Tag Archives: vaudeville

“Variety is Back and it’s Slightly Fat…”

“It is a marketing nightmare,” Slightly Fat Features originator Goronwy Thomas aka Goronwy Thom told me.

Wednesday to Saturday this coming week, Slightly Fat Features are back at the Leicester Square Theatre in London with The Slightly Fat Show. Six shows in four days – four evening shows; two matinees. Their blurb reads:

“Stuffed to the seams with staggering stunts, lots of laughs and orchestrated mayhem to dazzle and delight. Hard to describe until you witness it live. Suitable for kids but not a kids’ show. Cirque du Soliel meets Monty Python. This unique group has to be seen live to be truly understood!”

For once, a marketing blurb that is true.

“So why a marketing nightmare?” I asked.

“Because,” Goronwy told me, “we are straddling two things. We are a family-friendly show – it is totally clean; there’s no swearing. But, as soon as you are seen as a family show, you can lose a comedy audience, because they don’t want to see a kids’ show. And, if you are billed as a comedy show, you can lose the kids’ audience. That really has been a marketing problem for us.”

“Is that why you are doing matinees AND evening shows?” I asked.

Showstoppers do two shows,” said Goronwy. “There is Showstoppers For Kids and then there is also the normal one as well. We have done some late-night stuff and all-adult stuff. In Leicester Square, the 4.00pm shows will be very very family-based and the 7.00pm ones won’t be so much but, to be honest, the show stays exactly the same. We are straddling two things.”

“Have you got an elevator pitch for the show?” I asked. “A strapline?”

“Variety is back and it’s Slightly Fat,” said Goronwy.

When I saw their show in 2014, it included juggling, cling-film escapology, a pantomime horse, a classic quick-change sketch, a cup-and-ball routine, a Rolf Harris painting routine (presumably we won’t be seeing that again!), a song-and-dance routine, ‘Find The Lady’ with a real person’s head, a diabolo routine spanning the auditorium, a cute dog, occasional things going wrong (all scripted, I think), an audience participation song and a sawing-in-half magic routine… all with presentational twists, superb attention to detail and knowing post-modern nods and glances to the audience. The show got a standing ovation from the genuinely ordinary punter-filled audience at the end.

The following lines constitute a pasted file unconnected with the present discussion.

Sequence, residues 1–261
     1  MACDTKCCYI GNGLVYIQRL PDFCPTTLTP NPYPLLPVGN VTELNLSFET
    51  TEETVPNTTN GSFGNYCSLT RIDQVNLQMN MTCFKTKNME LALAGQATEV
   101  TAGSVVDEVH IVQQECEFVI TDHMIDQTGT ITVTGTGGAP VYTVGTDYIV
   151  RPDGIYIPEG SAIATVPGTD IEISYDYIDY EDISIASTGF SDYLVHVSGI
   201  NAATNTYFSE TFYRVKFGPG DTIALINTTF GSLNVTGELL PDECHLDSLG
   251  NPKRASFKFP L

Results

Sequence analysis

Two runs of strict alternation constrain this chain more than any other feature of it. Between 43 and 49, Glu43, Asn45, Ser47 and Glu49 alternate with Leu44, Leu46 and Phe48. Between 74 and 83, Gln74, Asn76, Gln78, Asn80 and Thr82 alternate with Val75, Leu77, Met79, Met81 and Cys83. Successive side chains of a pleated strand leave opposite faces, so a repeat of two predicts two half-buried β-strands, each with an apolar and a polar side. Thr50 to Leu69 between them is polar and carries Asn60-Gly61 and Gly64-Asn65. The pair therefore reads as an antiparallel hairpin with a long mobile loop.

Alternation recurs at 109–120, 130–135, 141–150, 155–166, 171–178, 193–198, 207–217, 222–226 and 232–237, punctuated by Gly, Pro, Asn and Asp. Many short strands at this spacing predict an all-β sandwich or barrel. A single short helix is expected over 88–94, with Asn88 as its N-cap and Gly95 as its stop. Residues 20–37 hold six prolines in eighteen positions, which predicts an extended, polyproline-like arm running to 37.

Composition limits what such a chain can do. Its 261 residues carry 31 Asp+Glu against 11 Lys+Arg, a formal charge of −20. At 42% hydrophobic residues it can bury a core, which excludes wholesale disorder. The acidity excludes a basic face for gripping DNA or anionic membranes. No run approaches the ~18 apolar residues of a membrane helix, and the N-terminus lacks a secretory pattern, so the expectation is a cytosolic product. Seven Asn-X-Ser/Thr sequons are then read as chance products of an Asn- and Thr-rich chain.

Before that, I had seen Slightly Fat member Herbie Treehead at the Glastonbury Festival; he also performed in this year’s increasingly prestigious Malcolm Hardee Comedy Awards Show at the Edinburgh Fringe.

“Will they,” I asked Goronwy, “be the same seven people I saw in 2014?”

“Always the same seven since 2010. But, of course, with lots of new material.”

“You been trying it out somewhere?” I asked.

“Lancaster, Canterbury, York, Sidmouth, a lot of places to run it in.”

“All seven of you?”

“Mostly. One of our members – Richard Garaghty – has been filming Tim Burton’s Dumbo. He’s been doing that most of this year, dipping in and out of our try-outs, but he’s doing all the shows in Leicester Square.”

“Where did you started Slightly Fat Features?” I asked.

“Sidmouth in Devon.”

“That’s a slightly odd place to start.”

Slightly Fat Features – extremely indescribable

“A lot of us were old friends from street performing in Covent Garden. Some had known each other since the early 1990s though I didn’t meet any of them until about 2000. Then, when I moved from London to Sidmouth, I wanted an excuse for my mates to come down, so I put on a gig. We did that again and again and brought in guest variety and speciality acts until, in 2010, we said: Let’s just do it as the seven of us.

“We did stuff at the Roundhouse in London and it went on from there. The Edinburgh Fringe in 2013. Montreal in 2014. London’s West End in 2014. We all still work individually or as duos. We come together as Slightly Fat three or four or five times a year.”

“It must be a nightmare finding gaps in your schedules and getting together.”

“It is, but it’s worth it.”

“But you won’t,” I suggested, “have any creative clashes because your skills don’t particularly overlap.”

“Not really. And, since about 2013, Petra Massey has done additional direction on top of it and she acts as a sort of UN peacemaker. Where a routine ends. Certain lines. Certain gags. Looking at the bigger picture sometimes. If you get that laugh there, it might underwhelm the bigger picture. Especially with character comedy. Yeah, it DOES get a laugh, but let’s lose it so we can get a bigger laugh later on. Those kind of discussions. And avoiding in-jokes.”

“Why these seven people? Was there a conscious balancing of skills?”

“Originally, we were nine. Then one moved to New Zealand and one dropped out. I don’t think there was any conscious deciding: Oh, he’s a juggler; he’s an escapologist. It was just people who liked spending time together and developing stuff.”

“All seven of you continue to do separate street acts?” I asked.

“Yes. Apart from Robert Lee, who’s a musician. Me and Richard Garaghty have worked a lot as a double act for years now, mainly at European street festivals. And ‘booked street performing’, where you are invited to a town to perform. About a third of my work is probably still outdoor work and you can’t beat it for the immediacy and improvisation with stuff happening. It’s unbeatable for that, though you have to be careful you don’t get too stylistically lost in it.”

“How?”